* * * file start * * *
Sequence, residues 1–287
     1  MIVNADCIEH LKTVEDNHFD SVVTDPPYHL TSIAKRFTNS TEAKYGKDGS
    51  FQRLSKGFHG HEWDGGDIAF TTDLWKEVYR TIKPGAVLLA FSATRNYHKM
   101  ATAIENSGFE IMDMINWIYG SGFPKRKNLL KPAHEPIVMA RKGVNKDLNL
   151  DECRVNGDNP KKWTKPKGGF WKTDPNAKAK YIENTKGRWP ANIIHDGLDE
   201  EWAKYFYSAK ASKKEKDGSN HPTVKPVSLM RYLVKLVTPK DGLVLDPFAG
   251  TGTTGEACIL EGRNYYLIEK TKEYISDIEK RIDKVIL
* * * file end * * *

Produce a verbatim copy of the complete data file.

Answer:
Sequence, residues 1–287
     1  MIVNADCIEH LKTVEDNHFD SVVTDPPYHL TSIAKRFTNS TEAKYGKDGS
    51  FQRLSKGFHG HEWDGGDIAF TTDLWKEVYR TIKPGAVLLA FSATRNYHKM
   101  ATAIENSGFE IMDMINWIYG SGFPKRKNLL KPAHEPIVMA RKGVNKDLNL
   151  DECRVNGDNP KKWTKPKGGF WKTDPNAKAK YIENTKGRWP ANIIHDGLDE
   201  EWAKYFYSAK ASKKEKDGSN HPTVKPVSLM RYLVKLVTPK DGLVLDPFAG
   251  TGTTGEACIL EGRNYYLIEK TKEYISDIEK RIDKVIL